“What brings people in is art,” he said. He cited Casey as an example of a small community uniting to create public art pieces to attract visitors. Casey gained notoriety as the home of the “world’s largest” wind chimes, world’s largest golf tee, world’s large mailbox and other “world’s largest” attractions. “Casey is two miles off the interstate, we’re three,” Marcacci said.

Ald. Balzraine expressed concerns about vandalism.

“That would be taken into consideration,” Marcacci said, adding that the sculptures he makes are made from quarter-inch steel. “I’d be more concerned about people climbing on them.”

Marcacci said the council would have approval of subject matter for all the sculptures. Additionally, he pointed out other communities have had success with public art projects ranging from murals to sculpture parks or art trails.

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“Other people are doing this, guys,” he told the council.

PUBLIC NUISANCES

Following a 20-minute executive session, the council took action to declare as public nuisances properties located at 200, 209 and 211 East Central Avenue. In a separate action, the council voted to declare 215 East Central Avenue a public nuisance, and tabled consideration of acquiring the property.

BUILDING INSPECTOR SALARY

Voting 4-1, the council approved a measure to increase the building inspector’s compensation from $40 per inspection to $55. Ald. Saracco cast the sole negative vote, later explaining he had concerns about the number of inspections performed.

Mayor Kelly asked aldermen to make a list of properties in need of inspection and turning it over to the building inspector.

“That was my concern,” Saracco said. “That’s why I voted ’no’.”

OTHER ACTION

  • Set a special meeting for 3 p.m., Monday, June 24, to discuss possible uses for the city’s $51,000 share of a multi-community Climate and Equitable Jobs Act grant administered by the Department of Commerce and Economic Opportunity.
  • Thanked the Italian Club for purchasing a new stove for the city park pavilion.
  • Approved purchase of $5,559.60 in materials for the Maintenance Department.

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Gillespie Police Report: June 9-15, 2024

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SUNDAY, JUNE 9, 2024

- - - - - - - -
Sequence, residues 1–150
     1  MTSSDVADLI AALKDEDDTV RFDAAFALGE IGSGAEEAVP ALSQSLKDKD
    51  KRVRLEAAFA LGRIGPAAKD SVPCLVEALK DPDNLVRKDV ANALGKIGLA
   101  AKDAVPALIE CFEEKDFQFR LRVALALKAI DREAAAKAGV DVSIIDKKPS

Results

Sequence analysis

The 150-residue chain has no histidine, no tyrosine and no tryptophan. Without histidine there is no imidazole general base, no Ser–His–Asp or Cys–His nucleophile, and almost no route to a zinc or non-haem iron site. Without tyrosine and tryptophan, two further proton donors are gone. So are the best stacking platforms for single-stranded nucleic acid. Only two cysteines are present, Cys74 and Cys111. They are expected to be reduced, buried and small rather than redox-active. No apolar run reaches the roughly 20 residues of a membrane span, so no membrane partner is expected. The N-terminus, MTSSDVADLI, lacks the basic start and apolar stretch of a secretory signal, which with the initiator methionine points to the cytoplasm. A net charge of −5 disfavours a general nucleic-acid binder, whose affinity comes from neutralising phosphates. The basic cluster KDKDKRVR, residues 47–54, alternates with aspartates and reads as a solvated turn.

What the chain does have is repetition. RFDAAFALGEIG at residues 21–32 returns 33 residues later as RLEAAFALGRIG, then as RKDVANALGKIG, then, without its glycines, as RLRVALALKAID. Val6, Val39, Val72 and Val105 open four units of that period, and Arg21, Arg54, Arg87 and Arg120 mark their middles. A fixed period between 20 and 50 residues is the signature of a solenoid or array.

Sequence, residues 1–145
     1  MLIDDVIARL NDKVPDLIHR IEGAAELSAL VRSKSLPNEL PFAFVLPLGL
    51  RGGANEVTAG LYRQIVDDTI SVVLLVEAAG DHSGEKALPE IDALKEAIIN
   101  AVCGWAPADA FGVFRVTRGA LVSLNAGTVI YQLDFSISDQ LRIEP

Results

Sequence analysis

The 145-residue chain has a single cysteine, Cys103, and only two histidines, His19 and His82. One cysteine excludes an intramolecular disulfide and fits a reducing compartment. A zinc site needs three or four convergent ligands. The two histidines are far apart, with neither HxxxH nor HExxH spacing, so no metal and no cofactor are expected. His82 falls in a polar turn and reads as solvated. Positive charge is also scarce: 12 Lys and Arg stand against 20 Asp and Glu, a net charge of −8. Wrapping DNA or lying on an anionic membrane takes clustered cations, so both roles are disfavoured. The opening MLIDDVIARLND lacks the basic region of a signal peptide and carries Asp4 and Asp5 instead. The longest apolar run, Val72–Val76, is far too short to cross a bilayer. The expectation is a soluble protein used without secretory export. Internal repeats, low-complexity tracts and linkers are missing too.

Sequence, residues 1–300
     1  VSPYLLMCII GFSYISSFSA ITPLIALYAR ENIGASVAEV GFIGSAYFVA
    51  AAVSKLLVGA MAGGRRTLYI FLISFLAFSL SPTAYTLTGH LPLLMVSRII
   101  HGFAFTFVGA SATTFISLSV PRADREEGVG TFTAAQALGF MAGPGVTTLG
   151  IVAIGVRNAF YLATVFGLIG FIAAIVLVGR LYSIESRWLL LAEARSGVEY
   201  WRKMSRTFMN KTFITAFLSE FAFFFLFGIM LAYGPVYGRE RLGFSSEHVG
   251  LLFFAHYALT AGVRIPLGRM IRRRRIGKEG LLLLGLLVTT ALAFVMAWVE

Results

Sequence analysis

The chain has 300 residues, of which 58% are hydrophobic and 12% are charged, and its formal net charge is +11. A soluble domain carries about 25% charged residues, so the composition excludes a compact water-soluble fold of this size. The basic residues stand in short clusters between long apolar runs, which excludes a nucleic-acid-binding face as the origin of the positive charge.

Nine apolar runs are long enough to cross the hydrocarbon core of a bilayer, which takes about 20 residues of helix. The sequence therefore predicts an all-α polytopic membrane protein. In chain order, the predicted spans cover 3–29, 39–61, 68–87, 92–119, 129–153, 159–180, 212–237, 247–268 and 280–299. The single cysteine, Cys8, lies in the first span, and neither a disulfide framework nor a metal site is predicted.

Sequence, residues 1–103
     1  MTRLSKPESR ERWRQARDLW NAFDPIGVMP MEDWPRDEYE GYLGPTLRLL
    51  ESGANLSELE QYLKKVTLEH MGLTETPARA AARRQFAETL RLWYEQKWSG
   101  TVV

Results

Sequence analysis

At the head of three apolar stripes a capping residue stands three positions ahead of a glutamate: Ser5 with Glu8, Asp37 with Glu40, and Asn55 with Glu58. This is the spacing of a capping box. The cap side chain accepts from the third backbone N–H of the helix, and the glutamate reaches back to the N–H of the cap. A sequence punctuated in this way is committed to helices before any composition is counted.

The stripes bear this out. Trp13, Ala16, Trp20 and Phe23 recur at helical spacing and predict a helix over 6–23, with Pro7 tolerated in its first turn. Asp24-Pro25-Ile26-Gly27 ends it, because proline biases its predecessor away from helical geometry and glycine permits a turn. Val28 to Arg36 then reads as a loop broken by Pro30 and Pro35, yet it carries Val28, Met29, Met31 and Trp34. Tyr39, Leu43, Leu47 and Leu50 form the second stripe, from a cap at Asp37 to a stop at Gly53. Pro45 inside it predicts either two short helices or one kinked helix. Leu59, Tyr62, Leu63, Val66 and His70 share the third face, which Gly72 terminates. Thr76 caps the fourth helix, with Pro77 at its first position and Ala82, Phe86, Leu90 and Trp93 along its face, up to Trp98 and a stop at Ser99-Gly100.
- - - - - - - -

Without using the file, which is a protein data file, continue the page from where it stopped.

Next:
An officer was dispatched to Gillespie Police Department to speak with a couple in reference to a civil issue.

An officer was dispatched to Gillespie Police Department and spoke with a female in reference to a civil issue.

An officer was dispatched to the 300 block of East Elm Street in reference to criminal trespassing to property.

An officer was dispatched to the 400 block of West Easton Street in reference to a theft.

An officer was dispatched to First Street in Gillespie in reference to a noise complaint.

An officer was dispatched to the 300 block of South Street in reference to a well-being check.

An officer was to the 300 block of East Chestnut Street in reference to reckless driving.

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An officer was dispatched to the 400 block of South Main Street in reference to a dog at large.

An officer was dispatched to the 10,000 Louis Lane at Gillespie Lake in reference to a 911 call.

An officer was dispatched to the 900 block of First Street in reference to a noise complaint.

An officer was dispatched to the 400 block of Montgomery Street in reference to a domestic disturbance.

An officer was dispatched to the 500 block of Dorsey Road in Mt. Clare in reference to a suspicious circumstance.

MONDAY, JUNE 10, 2024

An officer was dispatched to the 200 block of West Oak Street in reference to a theft.

An officer was dispatched to Welfare Park in reference to a suspicious vehicle.

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An officer was out in the 300 block of North Macoupin Street in reference to a well-being check.

An officer was dispatched to Macoupin Street and Walnut Street in reference to a suspicious male.

An officer was dispatched to the 400 block of North 7th Street in Benld in reference to a civil issue.

An officer met with a male at Gillespie Police Department in reference toa theft in the 200 block of West Oak Street.

TUESDAY, JUNE 12, 2024

An officer was dispatched to the 400 block of West Easton Street in reference to criminal damage to property.

An officer was dispatched to the 600 block of North 6th Street in Benld in reference to a burglary.  John A. Crisel, 62, of Benld was arrested for burglary.

An officer was dispatched to a business in the 400 block of South Macoupin Street in reference to discovered property.

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An officer was dispatched to the 600 block of Burton Street in reference to a well-being check.

An officer spoke with a male at Gillespie Police Department in reference to harassment by telephone.